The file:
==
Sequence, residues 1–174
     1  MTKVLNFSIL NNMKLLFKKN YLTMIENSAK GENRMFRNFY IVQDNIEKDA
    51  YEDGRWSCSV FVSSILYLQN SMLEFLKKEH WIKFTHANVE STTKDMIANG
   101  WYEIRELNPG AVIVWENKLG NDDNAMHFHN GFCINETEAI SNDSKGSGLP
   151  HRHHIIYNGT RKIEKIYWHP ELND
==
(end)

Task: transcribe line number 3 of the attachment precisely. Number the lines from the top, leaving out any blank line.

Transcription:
    51  YEDGRWSCSV FVSSILYLQN SMLEFLKKEH WIKFTHANVE STTKDMIANG